East vs West: how Ukraine is being pulled apart and used by its neighbours

The world’s third busiest McDonald’s located in Kiev, the capital of Ukraine. Photo: Cathal Charker

Ukraine is a country being split apart by not just internal strife but external powers as well. What does it mean to live on the edge of two very different superpowers?

Due to its location in Eastern Europe, Ukraine is a country with strong cultural ties to both the European Union and the Russian Federation. Many of the country’s landmarks, services and infrastructure shares commonality with their Russian equivalents. However, recently this has started to change. Ukraine is becoming increasingly westernized and leaning towards closer diplomatic ties with the European Union. Currently engaged in conflict with Russia since 2014, Ukraine has many reasons to sever its ties to Russia and look westward. Will Ukraine abandon its roots in hopes of greener pastures? Can a middle ground be achieved?

Russo-Ukrainian relations and EU

But first a history lesson. Ukraine and Russia share a rather troublesome past. Since the foundation of the Kievan Rus in 882AD, Russia and Ukraine have been synonymous with each other. Even the name is a dead giveaway, Kievan because of the center being the city of Kiev (now the capital of Ukraine) and Rus which forms the basis of the name Russia. More recently however, two major events between the two countries have taken place.

The first is the dissolution of the Union of Soviet Socialist Republics (USSR) on December 26th, 1991. Part of the USSR since 1922, the country shared many of its resources and culture with Russia. By helping each other, the two countries grew exponentially, with the Ukrainian Soviet Socialist Republic ranking 2nd (only beaten by Russia) in terms of economic and political power. Though this wasn’t always a friendly relationship. Evidence of this can be seen in the “Declaration of state sovereignty in Ukraine” which signified Ukraine’s decision to place itself above the USSR. Though Ukraine had announced its independence in August of the following year, it was the dissolution of the Union that finally split the Russo-Ukrainian relationship.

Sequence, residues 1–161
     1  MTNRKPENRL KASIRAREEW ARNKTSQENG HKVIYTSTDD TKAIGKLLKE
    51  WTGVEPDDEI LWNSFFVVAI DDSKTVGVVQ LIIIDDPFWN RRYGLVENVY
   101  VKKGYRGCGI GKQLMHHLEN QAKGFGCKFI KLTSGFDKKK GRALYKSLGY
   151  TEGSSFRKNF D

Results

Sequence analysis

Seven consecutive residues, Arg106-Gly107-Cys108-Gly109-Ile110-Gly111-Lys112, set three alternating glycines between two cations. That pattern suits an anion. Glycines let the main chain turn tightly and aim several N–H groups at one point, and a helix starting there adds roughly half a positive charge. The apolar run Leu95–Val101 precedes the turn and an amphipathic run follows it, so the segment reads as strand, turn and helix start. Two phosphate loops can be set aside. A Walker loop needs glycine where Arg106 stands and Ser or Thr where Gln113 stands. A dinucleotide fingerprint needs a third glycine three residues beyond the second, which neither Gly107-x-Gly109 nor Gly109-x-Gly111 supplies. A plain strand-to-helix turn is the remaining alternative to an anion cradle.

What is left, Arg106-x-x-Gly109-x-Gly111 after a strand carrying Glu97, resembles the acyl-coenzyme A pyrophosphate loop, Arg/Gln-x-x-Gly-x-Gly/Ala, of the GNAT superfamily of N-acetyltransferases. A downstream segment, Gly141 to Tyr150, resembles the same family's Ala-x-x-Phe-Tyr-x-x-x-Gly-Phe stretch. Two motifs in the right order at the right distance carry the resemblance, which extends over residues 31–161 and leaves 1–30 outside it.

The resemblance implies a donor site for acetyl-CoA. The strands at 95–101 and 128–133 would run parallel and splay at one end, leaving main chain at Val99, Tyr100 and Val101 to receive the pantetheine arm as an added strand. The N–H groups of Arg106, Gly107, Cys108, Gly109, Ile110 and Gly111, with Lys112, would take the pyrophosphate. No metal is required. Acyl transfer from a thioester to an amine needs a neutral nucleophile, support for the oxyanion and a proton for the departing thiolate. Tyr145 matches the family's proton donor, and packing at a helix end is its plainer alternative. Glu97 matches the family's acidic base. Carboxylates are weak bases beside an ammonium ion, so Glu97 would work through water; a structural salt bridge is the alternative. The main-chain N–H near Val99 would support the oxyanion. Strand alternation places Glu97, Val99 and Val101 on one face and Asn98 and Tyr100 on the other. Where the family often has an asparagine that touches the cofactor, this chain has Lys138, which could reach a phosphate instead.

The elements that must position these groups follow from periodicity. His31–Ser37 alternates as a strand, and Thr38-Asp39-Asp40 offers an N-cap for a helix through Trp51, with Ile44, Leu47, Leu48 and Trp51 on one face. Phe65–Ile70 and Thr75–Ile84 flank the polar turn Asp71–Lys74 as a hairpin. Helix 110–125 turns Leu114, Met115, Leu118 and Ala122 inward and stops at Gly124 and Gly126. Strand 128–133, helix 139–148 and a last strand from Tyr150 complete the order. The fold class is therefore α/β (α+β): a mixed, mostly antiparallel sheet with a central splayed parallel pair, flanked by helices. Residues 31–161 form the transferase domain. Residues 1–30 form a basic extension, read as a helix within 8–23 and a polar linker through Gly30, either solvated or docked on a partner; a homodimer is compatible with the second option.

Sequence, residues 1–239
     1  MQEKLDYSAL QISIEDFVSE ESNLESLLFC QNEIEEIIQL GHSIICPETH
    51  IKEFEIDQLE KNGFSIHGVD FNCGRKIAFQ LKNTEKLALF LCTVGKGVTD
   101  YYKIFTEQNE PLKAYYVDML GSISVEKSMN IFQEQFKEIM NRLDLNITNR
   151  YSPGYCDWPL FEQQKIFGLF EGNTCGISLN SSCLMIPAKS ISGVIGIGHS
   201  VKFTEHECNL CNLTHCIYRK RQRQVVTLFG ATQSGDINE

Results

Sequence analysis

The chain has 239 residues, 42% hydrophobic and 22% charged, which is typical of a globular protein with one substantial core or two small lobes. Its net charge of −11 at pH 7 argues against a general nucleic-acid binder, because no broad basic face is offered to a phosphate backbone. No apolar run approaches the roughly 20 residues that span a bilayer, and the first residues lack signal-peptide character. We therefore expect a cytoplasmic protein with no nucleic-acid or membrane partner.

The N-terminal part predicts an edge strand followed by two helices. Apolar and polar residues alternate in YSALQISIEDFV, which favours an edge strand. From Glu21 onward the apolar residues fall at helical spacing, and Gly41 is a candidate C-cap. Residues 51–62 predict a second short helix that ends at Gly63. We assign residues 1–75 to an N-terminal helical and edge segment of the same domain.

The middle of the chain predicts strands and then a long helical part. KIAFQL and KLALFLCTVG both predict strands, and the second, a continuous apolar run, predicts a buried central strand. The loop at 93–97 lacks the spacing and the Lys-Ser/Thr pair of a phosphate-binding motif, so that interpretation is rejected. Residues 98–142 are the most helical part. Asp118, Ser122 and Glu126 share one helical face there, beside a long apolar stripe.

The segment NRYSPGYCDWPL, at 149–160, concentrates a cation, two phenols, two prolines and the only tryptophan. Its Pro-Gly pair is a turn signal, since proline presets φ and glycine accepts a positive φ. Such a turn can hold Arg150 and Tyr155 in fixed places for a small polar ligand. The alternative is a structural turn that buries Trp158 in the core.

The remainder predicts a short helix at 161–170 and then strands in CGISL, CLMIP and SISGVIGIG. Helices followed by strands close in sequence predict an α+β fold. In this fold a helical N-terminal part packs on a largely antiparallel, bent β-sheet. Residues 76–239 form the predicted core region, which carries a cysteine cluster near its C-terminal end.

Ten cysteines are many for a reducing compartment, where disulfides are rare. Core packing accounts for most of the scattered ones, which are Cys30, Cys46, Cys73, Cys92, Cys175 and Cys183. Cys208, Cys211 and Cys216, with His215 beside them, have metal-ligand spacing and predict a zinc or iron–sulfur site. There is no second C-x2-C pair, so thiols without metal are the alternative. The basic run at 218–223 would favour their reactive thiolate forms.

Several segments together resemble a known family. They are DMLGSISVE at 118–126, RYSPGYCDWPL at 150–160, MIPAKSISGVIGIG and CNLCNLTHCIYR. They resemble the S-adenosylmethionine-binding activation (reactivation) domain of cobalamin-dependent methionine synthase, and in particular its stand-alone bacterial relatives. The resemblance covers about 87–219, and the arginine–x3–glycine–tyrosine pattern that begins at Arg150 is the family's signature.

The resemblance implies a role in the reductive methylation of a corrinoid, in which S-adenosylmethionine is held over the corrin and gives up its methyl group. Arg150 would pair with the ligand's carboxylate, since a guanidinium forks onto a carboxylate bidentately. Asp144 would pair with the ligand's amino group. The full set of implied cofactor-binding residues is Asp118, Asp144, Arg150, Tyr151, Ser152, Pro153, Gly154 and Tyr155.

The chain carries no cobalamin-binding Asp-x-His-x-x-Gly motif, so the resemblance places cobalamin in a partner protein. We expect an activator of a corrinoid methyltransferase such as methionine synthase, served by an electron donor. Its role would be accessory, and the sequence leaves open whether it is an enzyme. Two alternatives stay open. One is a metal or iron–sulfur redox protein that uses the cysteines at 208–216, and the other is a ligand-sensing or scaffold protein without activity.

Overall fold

A statue of Vladimir Lenin in Odessa that was converted into a statue of Darth Vader following a decree of de-communization in 2015. Photo: Cathal Charker

Since the end of the Cold War and the Soviet Union, Ukrainian-Russo relations have been lukewarm. Under the recent leadership of former Ukrainian President Viktor Yanukovych (2010-2014) things were looking up for the two countries. Under Yanukovych, relations improved, and deals were made. The government clearly had a pro-Russian stance. The people on the other hand did not. Increasing backlash against the Ukrainian government, in no small part due to their stance on Russia lead to Euromaidan (also known as the 2014 Ukrainian revolution). Euromaidan culminated in the ousting of President Yanukovych and a new interim government was introduced. However, the major impact of Euromaidan was the rise of Pro-Russian sentiment which ultimately lead to Russian intervention in Ukraine leading to the unlawful annexation of Crimea and the formation of two rebel proto-states in the Donbas region, the Donetsk People’s Republic and the Luhansk People’s Republic. Since these events, Ukraine has been at war with the two republics as well as Russia in an attempt to reclaim their lands and prevent further territory from being lost.

A map showing the territory lost to Pro-Russian and Russian forces following Euromaidan. Photo: Brookings Institution